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What Does It Mean to 'Contain' a Wildfire? And More Answers to Your Questions

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A U.S. Forest Service firefighter sets a controlled burn as the Post Fire burns through Castaic, California, on June 16. (DAVID SWANSON/AFP via Getty Images)

When a deadly wildfire breaks out in California, causing people to lose their homes, security or even their lives, it can be a truly distressing and confusing time for those of us who live here.

The Bay Curious team asked KQED audiences their most pressing questions about wildfires. Read on for the full answers.

‘What does it mean when a fire is contained or controlled?’

Once a fire starts, the goal is suppression, and the first step is containment.

Fire updates often include a “% contained” figure, and it can take days for fire crews to get even 10% containment on certain fires.

So what does containment mean, and why is it so hard to achieve?

“Containment means that there’s some type of barrier between the area that has been burned, which we call ‘the black’ and an area that has not been burned, which we refer to as ‘the green,'” Cal Fire public information officer Jaime Williams says.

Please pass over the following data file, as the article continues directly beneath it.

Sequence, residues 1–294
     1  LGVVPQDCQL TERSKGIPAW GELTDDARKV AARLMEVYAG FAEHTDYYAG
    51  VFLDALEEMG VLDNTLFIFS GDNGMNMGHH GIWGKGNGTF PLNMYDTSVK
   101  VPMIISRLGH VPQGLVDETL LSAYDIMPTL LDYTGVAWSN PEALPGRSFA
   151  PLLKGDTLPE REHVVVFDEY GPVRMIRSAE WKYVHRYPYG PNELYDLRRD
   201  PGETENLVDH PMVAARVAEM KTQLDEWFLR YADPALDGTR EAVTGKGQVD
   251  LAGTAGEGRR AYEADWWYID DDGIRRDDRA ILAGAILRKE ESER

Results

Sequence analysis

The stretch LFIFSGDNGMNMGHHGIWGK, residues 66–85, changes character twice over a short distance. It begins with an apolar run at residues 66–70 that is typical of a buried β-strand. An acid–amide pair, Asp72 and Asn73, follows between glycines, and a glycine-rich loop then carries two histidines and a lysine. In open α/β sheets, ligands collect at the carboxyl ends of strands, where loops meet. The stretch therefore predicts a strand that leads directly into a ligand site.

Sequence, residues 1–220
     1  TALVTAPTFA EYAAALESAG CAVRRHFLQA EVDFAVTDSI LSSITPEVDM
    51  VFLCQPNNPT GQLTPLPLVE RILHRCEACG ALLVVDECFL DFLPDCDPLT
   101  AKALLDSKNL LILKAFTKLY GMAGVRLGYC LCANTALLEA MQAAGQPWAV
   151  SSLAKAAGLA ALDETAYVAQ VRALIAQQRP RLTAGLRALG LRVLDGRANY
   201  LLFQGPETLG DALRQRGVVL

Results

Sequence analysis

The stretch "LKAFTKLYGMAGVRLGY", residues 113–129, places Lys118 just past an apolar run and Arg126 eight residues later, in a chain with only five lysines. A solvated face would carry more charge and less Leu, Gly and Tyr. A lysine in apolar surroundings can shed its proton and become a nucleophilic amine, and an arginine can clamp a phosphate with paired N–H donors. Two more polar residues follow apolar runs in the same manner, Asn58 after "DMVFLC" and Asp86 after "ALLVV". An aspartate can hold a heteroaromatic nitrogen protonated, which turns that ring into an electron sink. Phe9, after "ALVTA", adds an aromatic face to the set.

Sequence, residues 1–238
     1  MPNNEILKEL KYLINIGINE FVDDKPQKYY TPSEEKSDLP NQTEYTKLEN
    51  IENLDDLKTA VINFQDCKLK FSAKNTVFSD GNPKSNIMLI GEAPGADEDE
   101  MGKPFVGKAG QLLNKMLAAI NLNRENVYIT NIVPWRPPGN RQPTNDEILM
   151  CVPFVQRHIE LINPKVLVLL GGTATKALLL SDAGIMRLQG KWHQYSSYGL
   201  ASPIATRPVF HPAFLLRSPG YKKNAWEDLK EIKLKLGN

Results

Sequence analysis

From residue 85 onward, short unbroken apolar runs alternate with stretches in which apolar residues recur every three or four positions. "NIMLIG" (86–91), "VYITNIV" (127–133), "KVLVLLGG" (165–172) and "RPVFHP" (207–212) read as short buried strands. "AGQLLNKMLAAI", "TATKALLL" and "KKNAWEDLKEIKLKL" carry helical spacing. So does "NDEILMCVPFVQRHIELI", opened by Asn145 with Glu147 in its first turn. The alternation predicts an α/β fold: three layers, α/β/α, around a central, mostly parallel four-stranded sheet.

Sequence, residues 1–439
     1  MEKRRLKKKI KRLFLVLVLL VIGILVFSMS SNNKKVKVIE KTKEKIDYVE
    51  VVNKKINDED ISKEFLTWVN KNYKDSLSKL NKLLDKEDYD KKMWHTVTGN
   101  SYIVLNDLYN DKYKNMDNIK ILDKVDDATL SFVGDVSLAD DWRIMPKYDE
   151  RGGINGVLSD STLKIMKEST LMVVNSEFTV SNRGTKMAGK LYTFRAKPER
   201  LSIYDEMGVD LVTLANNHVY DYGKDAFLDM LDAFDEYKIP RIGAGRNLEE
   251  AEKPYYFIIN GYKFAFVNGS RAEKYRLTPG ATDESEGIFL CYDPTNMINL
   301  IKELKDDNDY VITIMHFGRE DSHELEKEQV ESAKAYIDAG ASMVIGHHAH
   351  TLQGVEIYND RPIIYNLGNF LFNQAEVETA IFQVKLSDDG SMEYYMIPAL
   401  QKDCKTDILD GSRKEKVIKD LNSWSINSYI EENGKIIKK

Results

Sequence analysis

The “% contained” indicates how much of the fire’s perimeter is surrounded by a barrier. So, for a fire whose perimeter is 10 miles around, if firefighters create a 5-mile-long dirt area around the fire, the fire is 50% contained.

There are two types of barriers: natural and artificial. A stream or lake can act as a natural barrier, and an artificial barrier is often a dirt path dug around the fire. Firefighters will use a bulldozer to create what is called a “dozer line” or manually carve out a path using picks and shovels, which is called a “hand line.”

“They basically scrape the top layer of the grass off to leave bare mineral soil,” Williams says. “That way, the fire stops because there’s nothing to burn.”

Or firefighters will employ a “hose lay,” where they’ll carry a synthetic hose around the fire, periodically spraying the area inside “the black.”

But that doesn’t mean fires can’t spread beyond a containment line.

Firefighters use picks to create a barrier between unburned vegetation and the fire in a technique called a ‘hand line.’ (Deleware.gov)

Winds can carry embers beyond containment lines, which spark new fires nearby.

And then a fire can go from 50% contained to 20% contained.

Even after a fire is contained, there’s still a lot of work to do.

A contained fire can still be flaming inside the perimeter and firefighters must burn out untouched vegetation inside the barrier and cool down hot spots that could flare up. After the hot spots and unburned vegetation are treated and the barrier is expected to hold, a fire is considered “controlled.”

‘How do wildfires get their names?’

The first fire crew on the scene typically names the fire. Usually, they’re inspired by a nearby landmark like a road, mountain, lake or town.